Background: Globally, neonatal healthcare-associated infections (HAIs) are known to cause high mortality. HAIs is a preventable condition related to the healthcare environment. The current study explored the contributors to neonatal HAIs in one of the largest tertiary care referral hospitals in South India. Methods: Neonates from December 2016 to June 2018 were observed for the occurrence of healthcare-associated infections and compared with the matched control group. Various observations on neonatal demography, maternal contributors, and medical procedures were made and recorded to explore and analyse the contributors to neonatal HAIs. Univariate and multivariate analysis was carried out to find the contributors. The Odds ratio with 95% CI was also computed and reported. Results: Bloodstream infection (83%) was prevalent among neonates; the maternal contributor was only preterm labor (Odds ratio of 11.93; 95% CI; 6.47-21.98; p<.05) to acquire HAIs. On univariate analysis, mechanical ventilation for > 3days duration, NIV for > five days, and PICC line insertion procedure were significant (p<0.05) contributors to neonatal HAIs. IV cannulation for more than three times in four consecutive days was found in 100(85%) neonates considered being associated with neonatal HAIs. On multivariate analysis, NIV, PICC line, preterm labor, and low birth weight were significant (p<0.05) contributors to neonatal HAIs. Conclusion: The increased duration of invasive and non-invasive therapeutic devices and catheters contributes to neonatal HAIs. Neonates are acquiring bloodstream infections; low birth weight (LBW) neonates are more susceptible to acquiring HAIs.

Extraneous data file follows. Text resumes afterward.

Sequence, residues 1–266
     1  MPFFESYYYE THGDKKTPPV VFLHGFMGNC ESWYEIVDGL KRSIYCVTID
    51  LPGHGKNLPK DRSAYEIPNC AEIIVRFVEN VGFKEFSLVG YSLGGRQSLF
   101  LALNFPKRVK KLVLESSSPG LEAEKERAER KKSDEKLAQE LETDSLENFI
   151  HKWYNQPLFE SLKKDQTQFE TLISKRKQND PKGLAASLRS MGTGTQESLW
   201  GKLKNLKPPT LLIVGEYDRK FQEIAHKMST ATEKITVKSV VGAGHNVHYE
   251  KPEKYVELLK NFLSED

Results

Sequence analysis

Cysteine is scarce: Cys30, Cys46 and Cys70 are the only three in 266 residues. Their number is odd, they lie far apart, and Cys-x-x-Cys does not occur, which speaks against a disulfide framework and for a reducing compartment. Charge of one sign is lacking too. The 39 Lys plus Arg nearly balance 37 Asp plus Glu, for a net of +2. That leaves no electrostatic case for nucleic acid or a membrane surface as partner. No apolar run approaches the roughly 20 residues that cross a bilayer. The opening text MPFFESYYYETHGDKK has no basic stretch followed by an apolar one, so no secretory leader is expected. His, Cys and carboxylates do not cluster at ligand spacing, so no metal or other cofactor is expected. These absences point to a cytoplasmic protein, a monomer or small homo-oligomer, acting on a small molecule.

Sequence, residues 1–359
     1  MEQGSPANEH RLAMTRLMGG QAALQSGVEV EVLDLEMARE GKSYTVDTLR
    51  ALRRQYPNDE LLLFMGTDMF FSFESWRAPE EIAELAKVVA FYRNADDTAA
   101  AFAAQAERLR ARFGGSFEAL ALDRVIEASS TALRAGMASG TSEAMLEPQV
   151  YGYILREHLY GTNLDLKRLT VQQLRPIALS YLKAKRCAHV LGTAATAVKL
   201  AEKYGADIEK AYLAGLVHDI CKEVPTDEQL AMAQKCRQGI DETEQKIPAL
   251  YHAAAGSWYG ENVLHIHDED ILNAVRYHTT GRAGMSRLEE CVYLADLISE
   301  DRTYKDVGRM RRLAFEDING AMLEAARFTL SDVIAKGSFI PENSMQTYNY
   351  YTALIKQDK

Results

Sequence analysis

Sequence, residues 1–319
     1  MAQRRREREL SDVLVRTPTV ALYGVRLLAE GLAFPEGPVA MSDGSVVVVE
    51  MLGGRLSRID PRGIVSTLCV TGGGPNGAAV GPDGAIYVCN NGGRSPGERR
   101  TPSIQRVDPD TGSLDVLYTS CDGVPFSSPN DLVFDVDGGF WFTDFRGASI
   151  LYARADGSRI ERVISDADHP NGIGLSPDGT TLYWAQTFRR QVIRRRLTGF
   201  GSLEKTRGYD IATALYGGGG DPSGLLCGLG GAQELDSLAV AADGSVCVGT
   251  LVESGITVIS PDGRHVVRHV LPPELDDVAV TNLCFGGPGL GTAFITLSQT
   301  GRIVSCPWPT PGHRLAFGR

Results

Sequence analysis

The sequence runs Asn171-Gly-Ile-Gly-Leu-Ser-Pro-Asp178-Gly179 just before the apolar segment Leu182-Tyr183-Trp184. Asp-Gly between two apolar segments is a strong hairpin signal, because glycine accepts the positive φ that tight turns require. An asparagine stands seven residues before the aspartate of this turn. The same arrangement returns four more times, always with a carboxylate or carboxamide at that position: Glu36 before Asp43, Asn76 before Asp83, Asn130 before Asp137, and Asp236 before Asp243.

|Publication status||Published - 2022|
All Science Journal Classification (ASJC) codes
- Biochemistry, Genetics and Molecular Biology(all)
- Immunology and Microbiology(all)
- Pharmacology, Toxicology and Pharmaceutics(all)